Our editors will be looking ahead today to these developing stories ...
Colombia, rebels resume peace talks
Peace talks between Colombia's FARC rebels, whose delegation includes Dutch national Tanja Nijmeijer, and the government recommence with a five-point agenda. The eagerly awaited discussions are taking place in Cuba and follow the start of a dialogue in Norway one month ago, which has raised hopes of breaking a decades-long cycle of conflict responsible for killing hundreds of thousands of people. But there is also a level of scepticism about the peace effort - the first in a decade - as no ceasefire has been declared and hostilities have continued to kill.
National congress triggers printing bonanza
The Chinese Communist Party publishes all key documents from the 18th party congress. While most are already posted on government websites, it is standard for the state publisher to print important papers as booklets and distribute them in government offices.
No change likely in HK's low jobless rate
Economists expect jobless figures for Hong Kong to show the unemployment rate stood at 3.3 per cent in the August-October period. The rate is low by international standards, with unemployment in the United States hovering at 7.9 per cent.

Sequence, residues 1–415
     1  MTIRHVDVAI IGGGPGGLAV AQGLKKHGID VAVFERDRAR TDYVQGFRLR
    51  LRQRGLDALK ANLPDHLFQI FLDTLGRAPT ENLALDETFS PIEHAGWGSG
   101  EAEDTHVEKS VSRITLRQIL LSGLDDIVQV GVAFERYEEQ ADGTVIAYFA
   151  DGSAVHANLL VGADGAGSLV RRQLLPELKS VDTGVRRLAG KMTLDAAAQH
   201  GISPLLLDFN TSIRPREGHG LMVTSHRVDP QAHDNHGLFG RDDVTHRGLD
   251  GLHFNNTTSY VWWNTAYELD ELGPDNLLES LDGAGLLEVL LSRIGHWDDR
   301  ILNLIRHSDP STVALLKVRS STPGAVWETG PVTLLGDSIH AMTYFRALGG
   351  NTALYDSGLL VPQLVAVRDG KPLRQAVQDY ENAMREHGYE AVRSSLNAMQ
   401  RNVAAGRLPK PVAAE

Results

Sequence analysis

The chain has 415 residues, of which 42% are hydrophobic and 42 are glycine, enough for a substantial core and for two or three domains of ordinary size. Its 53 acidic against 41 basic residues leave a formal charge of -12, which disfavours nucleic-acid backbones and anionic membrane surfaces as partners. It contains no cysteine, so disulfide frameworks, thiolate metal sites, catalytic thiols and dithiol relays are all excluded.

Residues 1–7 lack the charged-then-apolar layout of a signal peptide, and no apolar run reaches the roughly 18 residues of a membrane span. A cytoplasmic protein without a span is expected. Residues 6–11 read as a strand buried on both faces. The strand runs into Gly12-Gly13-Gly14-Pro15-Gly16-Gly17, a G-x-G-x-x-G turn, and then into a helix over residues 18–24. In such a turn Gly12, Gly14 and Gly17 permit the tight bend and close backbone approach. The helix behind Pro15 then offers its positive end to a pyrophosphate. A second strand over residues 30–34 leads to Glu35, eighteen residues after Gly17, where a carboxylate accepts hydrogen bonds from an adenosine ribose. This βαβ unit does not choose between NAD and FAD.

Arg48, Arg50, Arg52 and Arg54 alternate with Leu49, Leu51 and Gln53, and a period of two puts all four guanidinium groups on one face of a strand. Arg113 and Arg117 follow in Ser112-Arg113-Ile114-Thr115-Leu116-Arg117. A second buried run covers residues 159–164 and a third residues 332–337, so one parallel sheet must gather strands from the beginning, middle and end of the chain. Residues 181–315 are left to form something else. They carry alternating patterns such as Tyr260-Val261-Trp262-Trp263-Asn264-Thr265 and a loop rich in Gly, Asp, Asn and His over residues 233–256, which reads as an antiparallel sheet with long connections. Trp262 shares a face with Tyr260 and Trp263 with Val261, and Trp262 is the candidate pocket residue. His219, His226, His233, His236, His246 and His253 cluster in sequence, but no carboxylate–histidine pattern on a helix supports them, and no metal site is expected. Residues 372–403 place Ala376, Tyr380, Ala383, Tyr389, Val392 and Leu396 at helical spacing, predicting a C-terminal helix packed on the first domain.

Olympus executives face sentencing
Former top executives at Japanese camera and medical equipment maker Olympus are sentenced, having earlier pleaded guilty to covering up US$1.7 billion of losses. The scandal was exposed in October last year by then chief executive Michael Woodford, who was sacked by the Olympus board after querying dubious deals later found to have been used to conceal the losses.
Thailand expects GDP figure to show sharp fall
Thailand is expected to report a sharp slowdown in economic growth on the heels of slowing growth in China and a fresh revision of Japanese growth projections. Economists polled by Reuters expect the Thai economy to grow by 3.1 per cent, down from 4.2 per cent.
Lehman Brothers victims try new approach
Victims of the Lehman Brother's minibond scandal meet Consumer Council lawyers to see if they can apply to the government's Legal Action Fund to recoup losses. Some 43,000 Hongkongers who bought HK$20.2 billion of the bank's risky products incurred huge losses when the bank went under during the 2008 financial crisis. Some recovered a portion through deals with banks, but thousands of cases remain unresolved. Staff at the 16 banks involved might not have adequately explained the risky nature of the products to investors, some of whom had little education or were illiterate. A report by the Legislative Council earlier this year found some investors were convinced to buy even though their risk profiles did not match the products' risk ratings.